The moon as solar system's Rosetta stone?

New research suggests that two distinct groups of objects battered the surface of the moon – and could give clues into the early days of Earth's solar system.

By , Staff writer

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    The full moon is shown in the early morning southwestern sky as seen from Tigard, Ore., Aug. 25.
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New observations of the moon's heavily cratered surface have moved planetary scientists a step closer to solving a cosmic "what done it": What were the objects involved in the intense assault on the moon and other bodies in the inner solar system some 4 billion years ago, and where did they come from?

An analysis of lunar craters published in Thursday's issue of the journal Science strongly suggests that two distinct groups of objects punished the lunar surface during a period known as the "late heavy bombardment."

One group, made up mainly of larger objects, appears to have dominated the initial phase of that bombardment, which began about 4.1 billion years ago. Smaller objects appear to have taken over the pummeling process around 3.8 billion year ago, and have been at it ever since.

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This contrasts with a competing theory that the objects ricocheting through the solar system had the same source and size mix throughout the solar system's history, but that the numbers available for smacking planets has dwindled with time.

And while the driving force behind the shift in impactors remain unclear, the ability to spot the change allows scientists to begin hunting for the sources of each group and figure out what sent them on their collision course with the inner planets, explains James Head III, a Brown University planetary scientist who led the team reporting the results.

The possibilities include "large projectiles being moved out of the asteroid belt by late-stage adjustments in the orbits of the gas giants" such as Jupiter and Saturn, he said during a press briefing Thursday. "Maybe there were other populations – asteroids in some cases or comets in others."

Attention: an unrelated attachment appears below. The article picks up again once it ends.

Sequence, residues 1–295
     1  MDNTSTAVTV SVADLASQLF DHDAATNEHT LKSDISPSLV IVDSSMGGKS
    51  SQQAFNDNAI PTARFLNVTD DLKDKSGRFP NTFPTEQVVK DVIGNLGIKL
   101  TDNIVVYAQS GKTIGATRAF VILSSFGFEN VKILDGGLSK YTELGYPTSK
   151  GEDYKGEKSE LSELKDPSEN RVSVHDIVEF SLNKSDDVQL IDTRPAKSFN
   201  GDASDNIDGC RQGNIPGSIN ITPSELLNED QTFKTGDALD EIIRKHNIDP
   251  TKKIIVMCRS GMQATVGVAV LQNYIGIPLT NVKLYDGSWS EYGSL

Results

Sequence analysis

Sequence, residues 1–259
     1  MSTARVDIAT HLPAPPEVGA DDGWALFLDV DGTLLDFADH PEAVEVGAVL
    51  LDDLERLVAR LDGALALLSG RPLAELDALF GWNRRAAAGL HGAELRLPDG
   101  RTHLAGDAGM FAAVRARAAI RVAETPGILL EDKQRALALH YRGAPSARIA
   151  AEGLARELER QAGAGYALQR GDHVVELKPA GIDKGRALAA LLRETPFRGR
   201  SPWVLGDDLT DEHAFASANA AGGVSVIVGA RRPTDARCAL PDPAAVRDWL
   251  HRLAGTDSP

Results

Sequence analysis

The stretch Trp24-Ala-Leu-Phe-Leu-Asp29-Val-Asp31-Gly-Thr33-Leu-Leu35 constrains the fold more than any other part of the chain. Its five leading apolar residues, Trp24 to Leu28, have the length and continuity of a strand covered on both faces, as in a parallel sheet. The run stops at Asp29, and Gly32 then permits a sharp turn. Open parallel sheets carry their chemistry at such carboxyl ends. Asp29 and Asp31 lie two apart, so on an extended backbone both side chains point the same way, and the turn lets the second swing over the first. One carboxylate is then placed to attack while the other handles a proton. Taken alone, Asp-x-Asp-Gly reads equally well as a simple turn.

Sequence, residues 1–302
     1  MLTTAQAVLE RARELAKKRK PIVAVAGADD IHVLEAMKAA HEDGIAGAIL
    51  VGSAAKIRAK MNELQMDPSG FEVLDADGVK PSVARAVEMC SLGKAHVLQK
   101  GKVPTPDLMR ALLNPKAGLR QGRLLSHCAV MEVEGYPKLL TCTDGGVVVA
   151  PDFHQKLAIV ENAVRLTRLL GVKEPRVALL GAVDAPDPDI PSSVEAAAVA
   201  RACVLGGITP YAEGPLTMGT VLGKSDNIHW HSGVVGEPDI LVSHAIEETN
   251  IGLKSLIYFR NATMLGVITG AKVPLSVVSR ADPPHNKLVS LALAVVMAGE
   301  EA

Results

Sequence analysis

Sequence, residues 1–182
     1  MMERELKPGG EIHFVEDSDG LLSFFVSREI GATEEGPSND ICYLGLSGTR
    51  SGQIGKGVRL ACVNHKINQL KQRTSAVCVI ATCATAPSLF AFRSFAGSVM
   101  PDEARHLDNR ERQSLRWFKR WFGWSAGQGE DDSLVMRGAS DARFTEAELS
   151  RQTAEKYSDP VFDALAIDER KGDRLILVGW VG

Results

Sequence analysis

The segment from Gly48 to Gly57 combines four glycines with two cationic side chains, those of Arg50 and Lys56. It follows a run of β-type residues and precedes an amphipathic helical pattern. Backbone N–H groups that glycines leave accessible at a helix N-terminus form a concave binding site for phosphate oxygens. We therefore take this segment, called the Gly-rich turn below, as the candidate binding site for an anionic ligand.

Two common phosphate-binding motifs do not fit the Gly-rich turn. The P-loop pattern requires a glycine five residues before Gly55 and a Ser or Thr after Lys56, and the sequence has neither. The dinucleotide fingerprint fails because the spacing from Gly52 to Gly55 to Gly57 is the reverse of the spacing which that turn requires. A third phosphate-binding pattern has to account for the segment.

Indeed, Dr. Head says, the data from the Lunar Reconnaissance Orbiter (LRO) may be detailed enough to allow his team to tell from the impact craters themselves what kind of object struck the lunar surface. If that's the case, "we can start using these data to tell whether comets were more important early on" in the bombardment "or whether asteroids were more important," he says.

Researchers have noted that answering these questions can help answer questions about Earth's history – and the history of life on Earth – as well.

The third rock from the sun would have been subject to much the same pummeling the moon received. But the Earth is constantly recycling its crust through tectonic processes, which have erased much of the surface evidence of these ancient impacts.

Thus, the moon becomes what Head calls a Rosetta Stone for understanding conditions in the early solar system as well as conditions affecting the early Earth.

The paper is one of three appearing in the latest issue of Science in which researches have used the LRO to uncover a moon that is a more complicated object than scientists previously thought.

For instance, even a casual look at the moon with the naked eye suggests a surface with two broad types of rock. Scientists have identified the darker surfaces that make up the "seas" on the lunar surface as ancient volcanic basalts, similar to the material that wells up along ocean ridges on Earth and cools to form new crust. The lighter surface is made up largely of calcium-rich minerals.

But LRO has revealed at least four regions dominated by silicate-rich rock, similar to rocks astronauts returned during the Apollo missions. The regions appear either as broad volcanic domes where magma has oozed onto the surface, or in material ejected from craters carved by impacts. The silicates in the ejected material suggests the impactors uncovered subsurface formations of granite.

"If you were going to the moon and you wanted to dig someplace where you could mine some rocks and make some fancy lunar kitchen counter tops," these are the formations you'd look for, says Timothy Glotch, a planetary geologist at the State University of New York at Stony Brook and the lead author of the Science paper reporting the result.

For LRO, launched in June 2009, today marks a turning point. Its mission is shifting from one dominated by measurements to support further lunar explorations – hunting for potential landing spots or mapping the distribution of minerals human explorers could use to help live off the land – to answering scientific questions about Earth's companion.

"With these exquisite measurements we're able to make with LRO, we're seeing details that indicate that things are a bit more complicated and a lot more interesting" on the moon than many thought, says Michael Wargo, chief lunar scientist at NASA headquarters in Washington.

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